The Rhythm of a Faith-Filled Life

The faith-filled life has a rhythm to it. We ask, seek, proclaim what we learn, and then learn to ask anew. When I worked at an agency for youth in the state foster care system, this rhythm became our familiar soundtrack.

Honest Hallelujahs

I was too young. Youth and vitamins fortified my body; a promising future fortified my mind. But something else threatened all that, something that made me hold my breath for several months. On the day of my final checkup, after the surgery that removed what wasn’t supposed to be there, the office receptionist was infuriatingly chipper.

Learning from Others’ Lenses

My seventh grade Sunday school class was studying King David using student workbooks and homework assignments. During the week that we studied today’s passage, our leader explained that these verses were proof that David cared for Bathsheba more than he cared for his other wives.

Life on the Ark

We can only imagine how messy and confusing the ark must have been. There were people there—Noah, his wife, his sons and their wives. There were animals there—two of every kind. And there was food there—every kind of food eaten in that day.

Bells: A Meditation for Teachers

Telephone bells, doorbells, school bells, and fire alarms all alert us and prepare us to go into action. Our modern use of bells is totally different than one hundred years ago. Church bells rang the hour of the day and told of a death.

Hardwired to Sin

As future adoptive parents, my wife and I just completed a two-day course about the ways that neurochemistry determines the behaviors of children and parents. We learned that neuropathways form in an infant’s brain on the basis of a caregiver’s abuse or neglect.

“I Will, with God’s Help”

When Lauren Winner, now a professor at Duke Divinity School, converted to Christianity from Orthodox Judaism, she argued with the promises she had to make in the Anglican liturgy.

Knowing the End of the Story

The last week of Jesus’ earthly life begins with eager expectation and joyful celebration. Enthusiastic, palm-waving, hosannas-singing crowds welcome Jesus to Jerusalem. The news of his raising Lazarus from death precede his arrival and his fame has grown.

When People are like Duct Tape

Duct tape is amazing. You can do so many things with it. Make a dress, reattach a car bumper, do some duct work. Duct tape is decorative and functional, durable yet flexible. It can fix just about anything. Its only problem is that duct tape isn’t a permanent solution.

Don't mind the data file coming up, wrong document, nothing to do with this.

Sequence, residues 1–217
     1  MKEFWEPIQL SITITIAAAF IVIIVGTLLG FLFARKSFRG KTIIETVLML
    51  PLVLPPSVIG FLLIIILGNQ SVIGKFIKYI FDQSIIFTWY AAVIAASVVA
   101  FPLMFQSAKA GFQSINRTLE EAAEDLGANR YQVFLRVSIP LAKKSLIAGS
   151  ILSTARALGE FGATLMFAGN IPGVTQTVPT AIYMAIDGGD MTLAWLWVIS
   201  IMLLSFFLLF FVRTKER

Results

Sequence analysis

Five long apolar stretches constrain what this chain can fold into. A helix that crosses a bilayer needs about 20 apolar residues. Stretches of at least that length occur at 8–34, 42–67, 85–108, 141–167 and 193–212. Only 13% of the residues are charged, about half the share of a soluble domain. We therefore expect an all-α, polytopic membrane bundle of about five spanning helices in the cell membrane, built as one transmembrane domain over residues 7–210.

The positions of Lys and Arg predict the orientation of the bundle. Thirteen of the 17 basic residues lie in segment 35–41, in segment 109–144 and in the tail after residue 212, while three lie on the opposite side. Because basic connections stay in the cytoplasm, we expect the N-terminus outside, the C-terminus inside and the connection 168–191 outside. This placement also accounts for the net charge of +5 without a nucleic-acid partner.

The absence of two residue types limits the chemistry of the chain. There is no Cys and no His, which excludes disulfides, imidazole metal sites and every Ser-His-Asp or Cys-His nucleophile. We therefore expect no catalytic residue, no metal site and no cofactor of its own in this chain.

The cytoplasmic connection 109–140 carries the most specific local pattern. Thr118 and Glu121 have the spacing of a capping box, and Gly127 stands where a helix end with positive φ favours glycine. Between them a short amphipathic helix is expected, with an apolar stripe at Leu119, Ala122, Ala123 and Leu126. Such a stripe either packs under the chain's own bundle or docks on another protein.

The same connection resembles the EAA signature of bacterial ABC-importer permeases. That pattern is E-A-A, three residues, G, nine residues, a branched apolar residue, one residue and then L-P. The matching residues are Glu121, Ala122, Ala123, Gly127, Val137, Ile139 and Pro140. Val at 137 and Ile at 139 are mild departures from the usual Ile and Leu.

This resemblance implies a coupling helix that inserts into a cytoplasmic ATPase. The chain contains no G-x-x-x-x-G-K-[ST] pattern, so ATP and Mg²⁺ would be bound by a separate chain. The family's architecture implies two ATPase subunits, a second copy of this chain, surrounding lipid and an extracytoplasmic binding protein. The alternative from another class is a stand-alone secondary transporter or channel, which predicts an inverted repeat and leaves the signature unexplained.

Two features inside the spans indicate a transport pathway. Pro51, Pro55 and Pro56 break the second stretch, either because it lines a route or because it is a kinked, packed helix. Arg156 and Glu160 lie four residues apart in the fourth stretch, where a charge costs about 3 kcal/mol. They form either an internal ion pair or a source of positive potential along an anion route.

Playlists for July 14-20 Reflections

As the writer of the July 14-20 devotions in the Reflections Devotional Guide, I invite you to the banks of the Ocmulgee River in Macon, GA. These waters baptized the music of Little Richard, Otis Redding, and the Allman Brothers.

The Need to Be Grateful

Did you know that our brains have a negativity bias? According to recent neuroscience research, the human brain gathers strength around fearful, negative, or problematic situations. This tendency means that we must intentionally savor any loving, positive, or unproblematic event for at least 15 seconds to offset the negative.

Shaking Free from Indifference

Indifference is a tricky feeling. Sure, one can be indifferent about milk chocolate vs. dark chocolate (though clearly, dark chocolate is better). We can even be indifferent about slightly more important things like who to pick in a Yankees vs. Red Sox matchup (though clearly, the Yankees are preferable).

The Miracle of Creating

Though eager to put her vision into words, she found doubt and anxiety hovering over her. Soon she heard the cursor say, “Stop. This is too messy. Let someone more qualified, more talented, more educated do what you could never possibly do.”

Quiet Miracles

You haven’t truly seen the night sky until you see it from the middle of Peru’s remote jungles, hundreds of miles away from any electricity and several days’ drive from the nearest city. Imagine a sky of black felt, covered in the glitter blown from a child’s hands.

God Deems Them Righteous

“God does not hear the prayers of Jews,” a prominent pastor proclaimed in 1980. His words created division among Christians and Jews alike. Who had the audacity to determine whom God hears? Psalm 34 tells us exactly whom God hears…

Celebrating the Found

Pacifier, binky, baby-plug. Whatever name you choose, there is no more desperate scene than a mother searching for this source of soothing as naptime approaches. A frazzled mom will turn the house upside down, frantically looking for this small, magical plug to stifle the shrill screams of her overly tired one-year-old.

Making Room

There was no room for Jesus in crowded Bethlehem, but that did not stop him, and it did not stop God. God became flesh, regardless of the space limitations. Christmas this year comes at a time when millions of people have no room, no home, no space to live in safety, without fear.

On Election Day

We read the end of Jonah’s story on Election Day for the United States. In less than twenty-four hours our fears will be relieved or realized.

More Beautiful for the Brokenness

Art and repair merged in 15th-century Japan when a shogun sent a prized tea bowl to be repaired. When it came back mended with ugly metal staples, the shogun was so displeased that craftspeople jumped at the chance to find a better way to repair it and other broken ceramics.

Keep in Touch

Though our primary means of communicating is in our hands, we don’t have time to talk right now. Sending a text message is complicated because it opens us up to a potentially ongoing conversation.